Table of Contents
Leukemia Research and Treatment
Volume 2012, Article ID 213653, 8 pages
Review Article

Molecular and Cellular Mechanism of Leukemogenesis of ATL: Emergent Evidence of a Significant Role for HBZ in HTLV-1-Induced Pathogenesis

1Immunology Section, Division of Infectious Diseases, Imperial College, Wright-Fleming Institute, Norfolk Place, London W2 1PG, UK
2Laboratory for Virus control, Institute for Virus Research, Kyoto University, Kyoto 606-8507, Japan

Received 1 September 2011; Accepted 17 October 2011

Academic Editor: Charles R. M. Bangham

Copyright © 2012 Yorifumi Satou and Masao Matsuoka. This is an open access article distributed under the Creative Commons Attribution License, which permits unrestricted use, distribution, and reproduction in any medium, provided the original work is properly cited.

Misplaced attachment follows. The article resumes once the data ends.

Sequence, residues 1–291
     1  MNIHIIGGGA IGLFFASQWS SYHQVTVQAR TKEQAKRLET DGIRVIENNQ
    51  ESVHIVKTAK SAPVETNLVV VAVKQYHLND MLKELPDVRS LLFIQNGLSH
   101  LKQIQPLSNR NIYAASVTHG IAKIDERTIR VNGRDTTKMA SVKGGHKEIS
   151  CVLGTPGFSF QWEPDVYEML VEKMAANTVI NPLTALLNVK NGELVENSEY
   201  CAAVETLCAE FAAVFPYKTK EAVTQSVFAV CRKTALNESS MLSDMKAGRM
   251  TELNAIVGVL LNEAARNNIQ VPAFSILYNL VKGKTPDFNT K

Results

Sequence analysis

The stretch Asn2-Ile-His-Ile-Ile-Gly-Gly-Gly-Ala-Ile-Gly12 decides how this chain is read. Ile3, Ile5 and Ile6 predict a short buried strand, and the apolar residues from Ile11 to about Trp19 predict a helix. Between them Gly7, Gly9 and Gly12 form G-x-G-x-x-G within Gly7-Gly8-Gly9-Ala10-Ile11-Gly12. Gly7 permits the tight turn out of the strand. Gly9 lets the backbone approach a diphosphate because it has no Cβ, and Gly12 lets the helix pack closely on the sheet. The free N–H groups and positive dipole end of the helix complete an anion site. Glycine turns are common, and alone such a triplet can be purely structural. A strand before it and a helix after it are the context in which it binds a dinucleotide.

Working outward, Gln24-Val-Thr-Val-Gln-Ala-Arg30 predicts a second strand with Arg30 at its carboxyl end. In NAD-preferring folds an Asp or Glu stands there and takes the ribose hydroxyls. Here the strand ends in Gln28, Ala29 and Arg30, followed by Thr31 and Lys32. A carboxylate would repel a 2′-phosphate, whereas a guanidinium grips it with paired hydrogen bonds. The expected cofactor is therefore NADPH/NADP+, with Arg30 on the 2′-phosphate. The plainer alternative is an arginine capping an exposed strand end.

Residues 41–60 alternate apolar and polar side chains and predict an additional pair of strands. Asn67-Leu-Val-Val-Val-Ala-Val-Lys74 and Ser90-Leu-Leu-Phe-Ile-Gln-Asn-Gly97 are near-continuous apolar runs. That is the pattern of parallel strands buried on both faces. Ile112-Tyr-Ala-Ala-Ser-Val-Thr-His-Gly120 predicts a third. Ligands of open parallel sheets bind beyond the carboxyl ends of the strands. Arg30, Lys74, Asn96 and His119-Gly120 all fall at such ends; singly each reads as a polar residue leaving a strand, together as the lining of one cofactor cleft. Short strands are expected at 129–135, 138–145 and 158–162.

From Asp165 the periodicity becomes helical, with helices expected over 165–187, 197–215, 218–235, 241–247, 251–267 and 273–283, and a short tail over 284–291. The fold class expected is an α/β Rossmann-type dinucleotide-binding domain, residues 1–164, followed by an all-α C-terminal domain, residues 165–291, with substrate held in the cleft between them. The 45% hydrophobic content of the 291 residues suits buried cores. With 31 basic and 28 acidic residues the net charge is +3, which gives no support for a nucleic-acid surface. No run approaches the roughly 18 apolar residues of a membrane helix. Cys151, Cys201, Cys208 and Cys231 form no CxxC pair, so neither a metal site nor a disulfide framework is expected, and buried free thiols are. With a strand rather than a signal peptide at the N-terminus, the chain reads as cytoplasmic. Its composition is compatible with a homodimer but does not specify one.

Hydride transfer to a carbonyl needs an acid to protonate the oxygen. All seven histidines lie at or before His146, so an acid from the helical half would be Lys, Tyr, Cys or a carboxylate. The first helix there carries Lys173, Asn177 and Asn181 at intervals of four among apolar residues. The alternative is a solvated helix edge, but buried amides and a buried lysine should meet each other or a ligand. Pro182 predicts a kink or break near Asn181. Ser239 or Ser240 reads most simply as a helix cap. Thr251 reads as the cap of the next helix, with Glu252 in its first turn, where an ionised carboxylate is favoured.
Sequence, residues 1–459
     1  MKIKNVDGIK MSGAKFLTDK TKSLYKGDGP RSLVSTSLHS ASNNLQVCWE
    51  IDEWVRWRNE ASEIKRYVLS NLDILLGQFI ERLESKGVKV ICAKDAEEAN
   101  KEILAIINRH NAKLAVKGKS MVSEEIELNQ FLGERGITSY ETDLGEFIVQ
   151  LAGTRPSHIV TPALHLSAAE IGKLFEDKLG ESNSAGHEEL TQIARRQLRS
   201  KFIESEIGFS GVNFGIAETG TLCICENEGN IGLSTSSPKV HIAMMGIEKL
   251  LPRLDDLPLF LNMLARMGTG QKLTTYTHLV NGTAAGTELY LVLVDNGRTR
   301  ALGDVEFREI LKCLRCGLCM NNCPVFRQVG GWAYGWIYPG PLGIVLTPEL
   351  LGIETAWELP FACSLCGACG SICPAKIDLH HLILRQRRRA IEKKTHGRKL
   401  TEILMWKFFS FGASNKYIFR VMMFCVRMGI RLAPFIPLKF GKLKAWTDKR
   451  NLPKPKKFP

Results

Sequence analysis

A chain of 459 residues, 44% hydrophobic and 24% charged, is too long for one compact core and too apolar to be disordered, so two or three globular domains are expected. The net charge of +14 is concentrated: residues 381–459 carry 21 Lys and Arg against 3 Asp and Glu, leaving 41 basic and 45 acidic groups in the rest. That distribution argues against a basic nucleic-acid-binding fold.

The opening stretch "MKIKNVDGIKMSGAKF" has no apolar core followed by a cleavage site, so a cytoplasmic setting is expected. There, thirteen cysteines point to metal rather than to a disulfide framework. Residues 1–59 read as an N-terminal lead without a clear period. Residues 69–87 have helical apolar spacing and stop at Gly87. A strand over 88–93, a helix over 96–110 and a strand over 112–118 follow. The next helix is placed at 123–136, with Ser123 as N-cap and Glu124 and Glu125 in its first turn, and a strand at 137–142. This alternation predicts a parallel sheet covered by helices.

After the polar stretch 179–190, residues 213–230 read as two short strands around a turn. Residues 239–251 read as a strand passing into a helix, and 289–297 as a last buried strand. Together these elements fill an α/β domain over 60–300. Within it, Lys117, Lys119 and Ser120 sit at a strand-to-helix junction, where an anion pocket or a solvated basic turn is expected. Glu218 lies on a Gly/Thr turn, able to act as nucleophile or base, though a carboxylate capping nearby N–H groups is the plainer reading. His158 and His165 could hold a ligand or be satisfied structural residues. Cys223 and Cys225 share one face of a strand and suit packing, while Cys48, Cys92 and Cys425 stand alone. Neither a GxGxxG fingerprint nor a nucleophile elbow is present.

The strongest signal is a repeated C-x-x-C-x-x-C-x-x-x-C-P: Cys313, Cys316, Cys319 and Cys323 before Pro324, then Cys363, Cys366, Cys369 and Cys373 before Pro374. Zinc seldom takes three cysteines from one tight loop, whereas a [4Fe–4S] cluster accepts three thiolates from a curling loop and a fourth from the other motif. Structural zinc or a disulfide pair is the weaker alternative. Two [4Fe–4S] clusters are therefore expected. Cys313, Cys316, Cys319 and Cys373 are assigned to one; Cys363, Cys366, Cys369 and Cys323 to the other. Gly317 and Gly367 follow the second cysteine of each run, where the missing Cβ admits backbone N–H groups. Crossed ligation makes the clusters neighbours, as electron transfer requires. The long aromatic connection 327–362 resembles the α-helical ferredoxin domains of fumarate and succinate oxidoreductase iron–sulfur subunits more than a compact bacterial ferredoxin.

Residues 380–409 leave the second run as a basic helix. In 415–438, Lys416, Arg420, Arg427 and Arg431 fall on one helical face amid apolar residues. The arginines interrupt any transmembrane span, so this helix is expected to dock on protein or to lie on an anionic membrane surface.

Adult T-cell leukemia (ATL) is a leukemia derived from mature CD4+ T cells and induced by human T-cell leukemia virus type 1 (HTLV-1) infection. Previous studies have revealed many possible molecular and cellular mechanisms of HTLV-1-induced leukemogenesis, but it still remains unknown how HTLV-1 transforms peripheral CD4 T cells in infected individuals. Given the fact that only 2–5% of infected individuals develop ATL, HTLV-1 infection alone is not sufficient for the transformation of infected cells. Host genetic and epigenetic abnormalities and host immunological status should be considered in attempting to understand the mechanism of the oncogenesis of ATL. Nonetheless, it is obvious that HTLV-1 infection dramatically increases the risk of leukemia generation from peripheral CD4 T-cells, in which the incidence of leukemia is quite low. Furthermore, the evidence that all ATL cases retain the HTLV-1 provirus, especially the region, indicates that HTLV-1-encoded genes play a critical role in leukemogenesis. Since increasing evidence indicates that the HTLV-1 bZIP factor (HBZ) gene plays a significant role in the pathogenesis of HTLV-1, we will discuss the cellular and molecular mechanism of ATL generation from the virological point of view, particularly focusing on HBZ.